{ workshop in your pocket } When Posing Fills You With Dread… 3 Tips to Making Clients More Comfortable In Front of the Camera

Workshop In Your Pocket Series - Posing SucksWelcome to the Workshop In Your Pocket series.  If you’re an aspiring photographer, recreational or professional, these little snippets can offer you a little valuable advice to help get you over the hump in your people photography.

You’ll find these, as well as other helpful posts, over at Workshop In Your Pocket, so be sure to check over there as well.

Read on….

No question… in my first few years of shooting professionally, posing was one of my biggest challenges.  Particularly as an introvert.

There are so many factors that go into creating a good photograph: knowing the ins and outs of your camera to lighting, and don’t get me started about the freakiness associated with flash.  Add to all of that, the people skills:  directing and guiding subjects, by and large uncomfortable with a lens in their face.

Bottom line, it’s tough.  Aside:  it’s also why we charge so damn much… in case anyone was wondering!

So, here we are, trying to make people comfortable and relaxed in front of the camera as you struggle to feel comfortable and relaxed behind it.  Not that I want to indulge in my introvert victim story, but dammit I maintain that lesser photographers with more dynamic, sparkling personalities have an easier road to success.

There. I said it.  And, yes, I totally indulged in my introvert victim story.  But, here’s the deal:  if you’re not a people person, but want to photograph people… Posing. Can. Be. A. Bitch.

So, how do we make it easier?  Whether you’re an introvert trying to push beyond the ol’ comfort zone, or simply an aspiring professional wanting to establish an easy rapport a little more quickly, here are a few easy tips to help RELAX YOU, the photographer.  Because, not unlike a rabid dog, your client will smell your fear!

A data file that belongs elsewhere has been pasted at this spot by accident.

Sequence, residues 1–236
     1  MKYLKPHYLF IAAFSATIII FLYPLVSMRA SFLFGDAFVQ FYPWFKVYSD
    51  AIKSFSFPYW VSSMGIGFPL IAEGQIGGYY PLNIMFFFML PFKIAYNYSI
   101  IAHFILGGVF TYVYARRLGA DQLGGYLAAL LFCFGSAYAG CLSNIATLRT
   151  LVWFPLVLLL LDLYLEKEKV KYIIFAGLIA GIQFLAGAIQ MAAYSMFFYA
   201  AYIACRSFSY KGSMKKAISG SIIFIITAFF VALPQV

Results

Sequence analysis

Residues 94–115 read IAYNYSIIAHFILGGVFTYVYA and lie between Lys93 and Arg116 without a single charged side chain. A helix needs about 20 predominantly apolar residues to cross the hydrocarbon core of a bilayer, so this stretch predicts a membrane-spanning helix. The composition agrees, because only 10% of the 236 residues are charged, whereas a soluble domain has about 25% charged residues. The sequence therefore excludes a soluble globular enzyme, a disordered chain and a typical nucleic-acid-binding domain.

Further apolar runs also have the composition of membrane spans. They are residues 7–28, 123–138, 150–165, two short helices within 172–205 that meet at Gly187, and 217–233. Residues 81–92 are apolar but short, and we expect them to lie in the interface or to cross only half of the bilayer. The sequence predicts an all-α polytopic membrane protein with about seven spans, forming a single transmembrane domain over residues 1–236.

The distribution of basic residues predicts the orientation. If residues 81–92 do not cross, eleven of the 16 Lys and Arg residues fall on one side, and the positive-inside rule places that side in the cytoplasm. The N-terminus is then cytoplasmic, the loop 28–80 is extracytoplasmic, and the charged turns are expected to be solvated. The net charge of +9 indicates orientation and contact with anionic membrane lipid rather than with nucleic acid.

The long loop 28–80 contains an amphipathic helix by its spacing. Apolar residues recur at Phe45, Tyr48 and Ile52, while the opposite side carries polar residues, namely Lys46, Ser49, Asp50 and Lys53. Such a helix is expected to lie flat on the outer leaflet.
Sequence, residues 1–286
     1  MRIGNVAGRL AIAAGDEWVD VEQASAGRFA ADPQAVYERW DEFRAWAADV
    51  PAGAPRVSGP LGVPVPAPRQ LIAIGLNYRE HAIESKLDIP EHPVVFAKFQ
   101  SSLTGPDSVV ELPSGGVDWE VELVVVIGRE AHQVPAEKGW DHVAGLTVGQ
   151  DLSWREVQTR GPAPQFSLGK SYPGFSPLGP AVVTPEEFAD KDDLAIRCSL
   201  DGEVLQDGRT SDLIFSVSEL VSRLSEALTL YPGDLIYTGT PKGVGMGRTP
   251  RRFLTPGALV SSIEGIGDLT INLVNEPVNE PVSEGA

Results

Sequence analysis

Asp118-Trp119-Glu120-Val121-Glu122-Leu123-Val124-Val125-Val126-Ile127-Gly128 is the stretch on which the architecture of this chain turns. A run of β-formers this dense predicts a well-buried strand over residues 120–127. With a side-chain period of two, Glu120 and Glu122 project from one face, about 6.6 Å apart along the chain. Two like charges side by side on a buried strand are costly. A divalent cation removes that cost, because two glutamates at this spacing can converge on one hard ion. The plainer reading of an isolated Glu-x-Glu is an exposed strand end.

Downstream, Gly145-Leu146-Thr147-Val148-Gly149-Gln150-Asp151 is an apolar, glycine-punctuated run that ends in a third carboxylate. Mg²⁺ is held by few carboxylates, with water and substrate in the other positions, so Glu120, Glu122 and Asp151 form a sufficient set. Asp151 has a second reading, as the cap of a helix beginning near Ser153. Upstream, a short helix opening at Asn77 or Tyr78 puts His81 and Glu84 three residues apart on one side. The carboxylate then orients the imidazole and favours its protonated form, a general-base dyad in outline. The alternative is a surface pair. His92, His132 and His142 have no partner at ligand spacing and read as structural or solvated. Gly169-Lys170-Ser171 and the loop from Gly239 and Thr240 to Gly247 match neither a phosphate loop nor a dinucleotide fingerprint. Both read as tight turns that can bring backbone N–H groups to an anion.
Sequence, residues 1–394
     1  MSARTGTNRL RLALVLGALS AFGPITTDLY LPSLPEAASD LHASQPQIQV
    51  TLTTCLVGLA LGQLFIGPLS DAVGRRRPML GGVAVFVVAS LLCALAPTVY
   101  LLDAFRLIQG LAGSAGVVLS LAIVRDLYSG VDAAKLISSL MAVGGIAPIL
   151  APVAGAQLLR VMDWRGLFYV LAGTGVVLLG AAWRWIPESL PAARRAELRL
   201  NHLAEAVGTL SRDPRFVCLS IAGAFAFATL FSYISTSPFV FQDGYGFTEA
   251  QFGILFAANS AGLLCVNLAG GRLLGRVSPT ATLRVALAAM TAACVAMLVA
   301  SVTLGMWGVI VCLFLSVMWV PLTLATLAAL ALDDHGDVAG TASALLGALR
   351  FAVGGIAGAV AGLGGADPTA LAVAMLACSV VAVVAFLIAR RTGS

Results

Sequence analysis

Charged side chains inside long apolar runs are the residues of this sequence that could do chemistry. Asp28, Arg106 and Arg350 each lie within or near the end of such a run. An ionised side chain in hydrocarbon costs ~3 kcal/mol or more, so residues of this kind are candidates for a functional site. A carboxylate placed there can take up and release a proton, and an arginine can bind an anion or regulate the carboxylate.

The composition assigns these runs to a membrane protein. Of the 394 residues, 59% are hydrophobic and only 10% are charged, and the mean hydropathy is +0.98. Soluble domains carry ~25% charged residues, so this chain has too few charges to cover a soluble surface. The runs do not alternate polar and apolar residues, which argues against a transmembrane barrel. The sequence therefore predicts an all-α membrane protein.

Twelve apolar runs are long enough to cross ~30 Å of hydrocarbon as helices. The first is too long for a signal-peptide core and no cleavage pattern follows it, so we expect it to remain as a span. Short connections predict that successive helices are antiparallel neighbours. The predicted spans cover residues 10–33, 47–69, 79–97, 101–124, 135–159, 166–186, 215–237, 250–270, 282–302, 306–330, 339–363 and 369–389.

Despite their own self-consciousness and discomfort, your client will immediately dial into your own. And, unfortunately, it impacts their perception of your professionalism.  The easier you seem, the more professional you’ll appear.   And, most importantly, the more they will trust you with their sense of vulnerability in this unfamiliar and awkward situation.

  1. I’ve said this before and I’ll probably say it again. And again. And again.  Open with a simple chat.  Ask questions about your subject, without the camera between you.  Shooting a couple?  Inquire about the engagement: where did they meet?  How long have they known each other?  It’s small talk and, while it often gets a bad rap, it’s super effective at greasing the wheels and letting you get to know each other a little before you stick a lens in their face!
  2. You’ll hate this one, introverts, but it’s essential:  talk to your subjects consistently.  Casually chatting – a lot! – renders the camera secondary to simply being and interacting with each other.  It also reassures your subject, so they aren’t left hanging out there in front of the lens on their own.  The chatting, the constant reassuring and positive reinforcement, it’s necessary to easing the tension and building your subject’s confidence.  Just for kicks, and in the spirit of developing your photographic empathy, stand in front of someone with a camera to their eye, in silence, and see how you feel.  Yup, AWKWARD!   Consider these muscles to be worked.  It does get easier… and, ultimately, your people pictures will be better.
  3. Keep it simple.  Identify a half dozen of your own favourite poses that you’ve seen and embed them in your memory and use them.  Over and over.  There’s nothing wrong with the repetition, and really, the poses will vary from subject to subject, reflecting their individuality.  The more you use them, the more confidence you have in their implementation and your clients pick up on that confidence.  The more you use them the more you make them your own and part of what becomes your identifiable style and brand.

I know.  A lot of talking.  And this is where it gets sticky for we basement dwellers.  But, take it from one who knows; one who’s pushed through, or rather, practiced through my own solitary, loner proclivities to make beautiful people pictures with happy clients.

If you’re wanting a handy dandy little tool to help with your posing confidence when and where you need it, here’s a quick reference to help with proven posing ideas: Workshop In Your Pocket Posing Inspiration Swatches.  In your pocket and at your fingertips… no-one even has to know!




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